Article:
Whether an individual is being terminated for cause, such as a performance or disciplinary problem, or if the termination is for another reason, such as a layoff, you may want (or need) to provide a termination letter at the time the individual is notified of the decision. Starting from a sample letter template can be a better option than beginning from a blank page. The sample letters provided here are free to use and can be edited to suit your purposes.
Two Example Termination Letters
To use one of the sample letters, simply click the image for the version that best meets your needs. It will open as a PDF document that you can edit, save and print. If you have any problems working with the document, review this guide for Adobe printables for assistance.
General Termination Letter
If you are terminating someone's employment for a reason that does not involve cause, or if your company is choosing not to communicate cause, use this general termination letter as a starting point for creating your document.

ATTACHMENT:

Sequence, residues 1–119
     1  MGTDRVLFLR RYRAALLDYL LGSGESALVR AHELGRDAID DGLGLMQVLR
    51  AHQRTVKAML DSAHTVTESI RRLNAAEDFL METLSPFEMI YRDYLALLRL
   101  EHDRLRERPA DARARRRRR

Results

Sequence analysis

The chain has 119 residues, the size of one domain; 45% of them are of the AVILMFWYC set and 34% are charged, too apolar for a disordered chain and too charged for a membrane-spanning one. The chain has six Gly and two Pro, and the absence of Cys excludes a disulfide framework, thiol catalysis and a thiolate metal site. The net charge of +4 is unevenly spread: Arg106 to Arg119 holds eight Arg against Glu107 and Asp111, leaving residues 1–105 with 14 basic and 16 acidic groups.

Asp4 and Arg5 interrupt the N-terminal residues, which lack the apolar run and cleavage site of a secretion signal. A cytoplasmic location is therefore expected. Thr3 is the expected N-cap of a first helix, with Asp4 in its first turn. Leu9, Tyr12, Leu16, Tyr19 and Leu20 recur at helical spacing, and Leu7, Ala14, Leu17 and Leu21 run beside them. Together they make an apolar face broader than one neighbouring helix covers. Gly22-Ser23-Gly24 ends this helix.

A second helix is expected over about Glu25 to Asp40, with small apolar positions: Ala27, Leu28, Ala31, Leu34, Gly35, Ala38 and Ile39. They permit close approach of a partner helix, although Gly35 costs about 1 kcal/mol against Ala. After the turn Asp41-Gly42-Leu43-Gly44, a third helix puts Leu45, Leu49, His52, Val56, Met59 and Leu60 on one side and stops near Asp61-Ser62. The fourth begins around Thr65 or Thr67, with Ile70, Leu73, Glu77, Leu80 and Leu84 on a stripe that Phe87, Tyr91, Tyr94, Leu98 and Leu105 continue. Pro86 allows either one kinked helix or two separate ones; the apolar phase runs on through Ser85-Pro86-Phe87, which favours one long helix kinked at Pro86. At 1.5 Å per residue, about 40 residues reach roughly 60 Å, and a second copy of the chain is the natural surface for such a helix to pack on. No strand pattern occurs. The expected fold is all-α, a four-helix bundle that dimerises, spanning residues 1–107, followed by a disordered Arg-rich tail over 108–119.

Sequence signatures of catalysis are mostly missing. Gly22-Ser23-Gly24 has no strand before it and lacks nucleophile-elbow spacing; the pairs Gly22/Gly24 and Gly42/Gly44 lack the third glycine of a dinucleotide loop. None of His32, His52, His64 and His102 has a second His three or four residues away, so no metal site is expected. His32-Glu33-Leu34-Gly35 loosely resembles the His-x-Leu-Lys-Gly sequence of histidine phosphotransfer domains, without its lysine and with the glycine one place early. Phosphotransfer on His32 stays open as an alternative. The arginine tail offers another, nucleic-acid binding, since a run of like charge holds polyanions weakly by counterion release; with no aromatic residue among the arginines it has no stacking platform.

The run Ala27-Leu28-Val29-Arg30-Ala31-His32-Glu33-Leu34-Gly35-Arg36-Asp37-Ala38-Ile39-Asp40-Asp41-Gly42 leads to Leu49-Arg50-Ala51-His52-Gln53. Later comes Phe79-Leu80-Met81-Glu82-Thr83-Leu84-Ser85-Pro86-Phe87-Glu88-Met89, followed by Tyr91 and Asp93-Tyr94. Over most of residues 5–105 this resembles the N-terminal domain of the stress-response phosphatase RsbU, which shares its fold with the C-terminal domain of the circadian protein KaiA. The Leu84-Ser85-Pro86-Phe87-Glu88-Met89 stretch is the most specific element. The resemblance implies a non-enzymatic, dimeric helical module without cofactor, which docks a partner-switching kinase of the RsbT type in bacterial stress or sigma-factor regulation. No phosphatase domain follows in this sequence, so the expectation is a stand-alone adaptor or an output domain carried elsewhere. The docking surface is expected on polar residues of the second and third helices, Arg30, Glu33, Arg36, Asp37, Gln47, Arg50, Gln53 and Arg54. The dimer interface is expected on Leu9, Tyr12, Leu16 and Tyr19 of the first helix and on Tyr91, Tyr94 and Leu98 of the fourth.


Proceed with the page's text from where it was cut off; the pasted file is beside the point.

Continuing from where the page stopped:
Termination With Cause Letter
If you need to convey a cause-based reason in a termination of employment in the letter, use this sample letter as a template to begin the writing process.
If the company plans to attempt to deny unemployment compensation, the letter may be submitted as evidence for an appeal. Additionally, if the employee feels that the termination was not justified or that the company committed employment law violations, it may also be provided to an attorney or governmental regulatory agency, such as the Equal Employment Opportunity Commission (EEOC).
Letter Writing Tips
Keep in mind that the employee who receives the letter may not be the only person who sees it. The document needs to clearly communicate the decision and be written with protection of the company's interests in mind. When writing a termination letter, it is very important to keep the document fact-based and focused on the decision to terminate. Be direct, to the point, and avoid writing anything that sounds like name calling or placing blame. Also avoid the opposite extreme of trying to 'soften the blow' by praising the employee, as this is not an appropriate place to do so.